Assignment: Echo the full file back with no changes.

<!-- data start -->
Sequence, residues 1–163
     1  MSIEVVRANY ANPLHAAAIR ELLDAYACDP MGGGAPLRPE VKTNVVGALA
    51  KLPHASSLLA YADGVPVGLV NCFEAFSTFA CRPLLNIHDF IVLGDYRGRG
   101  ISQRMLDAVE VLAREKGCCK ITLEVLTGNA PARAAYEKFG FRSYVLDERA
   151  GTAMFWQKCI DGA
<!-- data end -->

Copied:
Sequence, residues 1–163
     1  MSIEVVRANY ANPLHAAAIR ELLDAYACDP MGGGAPLRPE VKTNVVGALA
    51  KLPHASSLLA YADGVPVGLV NCFEAFSTFA CRPLLNIHDF IVLGDYRGRG
   101  ISQRMLDAVE VLAREKGCCK ITLEVLTGNA PARAAYEKFG FRSYVLDERA
   151  GTAMFWQKCI DGA